The Kansas Jayhawks see a bright future thanks to coach Lance Leipold's quick turnaround.
The Arkansas Razorbacks?
That proud Southeastern Conference program goes into the Liberty Bowl on Wednesday hoping quarterback KJ Jefferson and running back Raheim “Rocket” Sanders can provide enough offense to make up for a roster thinned by opt-outs and transfer portal departures.
“It’s out of our hands so we just want to be able to control what we can control and do the best we can,” Jefferson said.
A winning season is on the line for both Kansas and Arkansas, who are 6-6, in the first meeting between these neighbors since 1906.
This game means a lot to the Jayhawks after going 2-10 last season and finishing last in the Big 12. This is the Jayhawks' first bowl since 2008 and second all-time at the Liberty Bowl, sponsored by AutoZone.
“Now the fun starts,” Kansas linebacker Rich Miller said. “This is what we’ve worked for all season, and now it’s time to pay off.”
Expect lots of scoring. Kansas ranks fifth nationally, averaging 7.01 yards per play. That's on target to set a program record, topping the 6.4 yards averaged per play for the 1950 season. The Jayhawks rank 27th nationally scoring with an average of 34.2 points per game, and Arkansas puts up 30.7 points a game.
The Jayhawks also have dual-threat quarterback Jalon Daniels back after missing four games. He threw for 13 touchdowns with only two interceptions this season and is a dual threat — second on the Jayhawks with 404 yards and six TDs rushing.
Jefferson, who missed two games himself, joined Georgia's Stetson Bennett as the SEC's only quarterbacks to throw for at least 20 TDs and run for seven more. Jefferson threw for 2,361 yards and 22 TDs with only four interceptions.
Devin Neal averages 6.2 yards per carry for Kansas and gained 1,061 yards this season. Neal had his best game against then-No. 18 Oklahoma State, when he ran for 224 yards and had 110 yards more receiving in the win. Later, he became the first Power Five running back to follow that up with at least 190 yards against Texas Tech.
Arkansas counters with Sanders, who ranked second in the SEC with 1,426 yards rushing and an average of 118.8 yards per game. He led the SEC with 1,687 all-purpose yards as a receiving threat as well.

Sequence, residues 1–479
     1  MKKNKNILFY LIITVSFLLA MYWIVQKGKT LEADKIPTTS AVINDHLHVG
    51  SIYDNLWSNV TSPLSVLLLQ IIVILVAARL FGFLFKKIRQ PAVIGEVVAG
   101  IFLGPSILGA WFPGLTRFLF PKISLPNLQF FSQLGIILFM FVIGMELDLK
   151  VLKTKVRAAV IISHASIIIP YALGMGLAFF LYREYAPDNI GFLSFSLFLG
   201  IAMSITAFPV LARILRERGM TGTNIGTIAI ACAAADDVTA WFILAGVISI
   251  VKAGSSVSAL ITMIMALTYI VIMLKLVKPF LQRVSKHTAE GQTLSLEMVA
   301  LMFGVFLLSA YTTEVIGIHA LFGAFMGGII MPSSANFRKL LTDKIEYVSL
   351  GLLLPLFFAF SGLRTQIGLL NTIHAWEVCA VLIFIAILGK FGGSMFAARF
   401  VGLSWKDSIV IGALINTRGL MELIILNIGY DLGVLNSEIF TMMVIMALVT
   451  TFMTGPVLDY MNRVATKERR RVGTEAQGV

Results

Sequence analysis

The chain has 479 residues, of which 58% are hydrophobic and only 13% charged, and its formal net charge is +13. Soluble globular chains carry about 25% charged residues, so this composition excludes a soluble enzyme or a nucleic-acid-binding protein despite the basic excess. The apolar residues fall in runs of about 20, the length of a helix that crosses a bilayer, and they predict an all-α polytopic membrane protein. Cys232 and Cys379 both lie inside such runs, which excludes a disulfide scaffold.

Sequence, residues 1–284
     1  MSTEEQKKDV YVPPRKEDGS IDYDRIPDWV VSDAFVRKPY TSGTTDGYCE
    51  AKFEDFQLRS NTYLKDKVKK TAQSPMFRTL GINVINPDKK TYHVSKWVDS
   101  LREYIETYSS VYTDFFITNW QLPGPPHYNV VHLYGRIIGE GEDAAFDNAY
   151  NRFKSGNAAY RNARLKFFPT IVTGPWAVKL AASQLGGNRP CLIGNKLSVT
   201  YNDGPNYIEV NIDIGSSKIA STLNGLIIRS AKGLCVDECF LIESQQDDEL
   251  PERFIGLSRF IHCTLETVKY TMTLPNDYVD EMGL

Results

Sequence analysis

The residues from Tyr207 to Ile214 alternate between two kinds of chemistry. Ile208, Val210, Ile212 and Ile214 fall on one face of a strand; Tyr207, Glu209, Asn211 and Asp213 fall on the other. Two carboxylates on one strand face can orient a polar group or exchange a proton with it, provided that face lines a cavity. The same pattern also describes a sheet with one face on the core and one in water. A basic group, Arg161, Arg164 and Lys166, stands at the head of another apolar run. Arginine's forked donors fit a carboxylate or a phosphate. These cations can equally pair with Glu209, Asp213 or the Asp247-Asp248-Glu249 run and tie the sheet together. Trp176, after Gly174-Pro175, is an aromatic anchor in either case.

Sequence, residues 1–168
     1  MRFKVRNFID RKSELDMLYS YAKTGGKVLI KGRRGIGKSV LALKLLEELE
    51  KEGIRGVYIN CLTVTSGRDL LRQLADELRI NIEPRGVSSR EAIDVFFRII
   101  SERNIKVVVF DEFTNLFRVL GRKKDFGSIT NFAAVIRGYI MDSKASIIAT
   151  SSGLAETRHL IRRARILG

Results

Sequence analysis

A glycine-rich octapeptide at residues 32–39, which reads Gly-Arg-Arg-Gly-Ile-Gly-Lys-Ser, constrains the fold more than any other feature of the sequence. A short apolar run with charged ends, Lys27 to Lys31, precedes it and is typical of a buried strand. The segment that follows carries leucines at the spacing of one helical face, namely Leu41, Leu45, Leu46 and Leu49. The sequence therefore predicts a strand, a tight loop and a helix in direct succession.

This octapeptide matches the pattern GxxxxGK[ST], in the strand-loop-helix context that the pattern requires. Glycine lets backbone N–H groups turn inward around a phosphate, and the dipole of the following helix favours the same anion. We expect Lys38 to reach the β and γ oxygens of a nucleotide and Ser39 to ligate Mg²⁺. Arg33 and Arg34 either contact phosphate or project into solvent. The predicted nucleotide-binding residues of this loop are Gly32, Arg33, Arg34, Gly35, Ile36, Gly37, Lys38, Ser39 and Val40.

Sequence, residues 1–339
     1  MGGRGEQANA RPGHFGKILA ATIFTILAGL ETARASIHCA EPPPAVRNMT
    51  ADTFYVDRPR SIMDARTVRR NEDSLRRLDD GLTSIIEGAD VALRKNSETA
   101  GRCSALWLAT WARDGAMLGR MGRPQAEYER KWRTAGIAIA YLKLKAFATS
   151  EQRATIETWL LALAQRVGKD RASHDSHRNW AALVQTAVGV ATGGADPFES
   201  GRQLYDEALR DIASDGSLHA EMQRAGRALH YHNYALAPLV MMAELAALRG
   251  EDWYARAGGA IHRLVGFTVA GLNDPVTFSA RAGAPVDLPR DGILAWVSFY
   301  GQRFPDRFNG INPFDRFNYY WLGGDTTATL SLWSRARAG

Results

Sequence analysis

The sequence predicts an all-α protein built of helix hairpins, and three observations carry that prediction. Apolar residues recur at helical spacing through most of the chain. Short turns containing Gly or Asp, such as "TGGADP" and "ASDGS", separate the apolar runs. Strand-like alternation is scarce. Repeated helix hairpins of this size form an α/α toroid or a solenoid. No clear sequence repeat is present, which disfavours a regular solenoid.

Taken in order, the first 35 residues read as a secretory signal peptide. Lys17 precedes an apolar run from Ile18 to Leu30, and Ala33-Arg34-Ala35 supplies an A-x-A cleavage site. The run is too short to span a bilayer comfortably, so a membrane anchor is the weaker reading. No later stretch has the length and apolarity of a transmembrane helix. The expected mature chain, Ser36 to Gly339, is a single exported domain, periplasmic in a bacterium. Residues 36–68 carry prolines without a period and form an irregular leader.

Arkansas leads the SEC and is tied for fifth nationally with 39 sacks, one off the school record of 40 set in 1998. Yet the Razorbacks will be without their All-American linebacker Drew Sanders, who had a team-high 9 1/2 sacks.
Sanders is just one of the Razorbacks who chose to prepare for the NFL draft rather than play in the bowl. Center Ricky Stromberg, wide receiver Jadon Haselwood and linebacker Bumper Pool, who recently had hip surgery, also are focused on the NFL.
Kansas gave up only nine sacks with the same five linemen starting every game, which ranks seventh in the country.
LONG TIME COMING
This is Kansas’ 13th bowl and first since 2008, when the Jayhawks beat Minnesota in the Insight Bowl. This also is their first bowl against an SEC team since a 10-0 loss to Mississippi State in the 1981 Hall of Fame Bowl. The Jayhawks first played in the Liberty Bowl in 1973, a loss to North Carolina State.
Arkansas is heading to its second straight bowl and 44th all-time. The Razorbacks, who come in having lost three of their last four, beat Penn State in the Outback Bowl to open this calendar year.
Extreme cold has led to lots of burst water pipes in Memphis, prompting bowl officials to go on social media Monday night to make it clear the game will go on as scheduled. By kickoff, temperatures are expected to be in the 50s.
Simmons Bank Liberty Stadium was dealing with water pressure issues on Tuesday night, and local officials were working to ensure the game is played. They are bringing in more than 400 portable toilets and putting hand sanitizer pumps near existing restrooms and concession areas.
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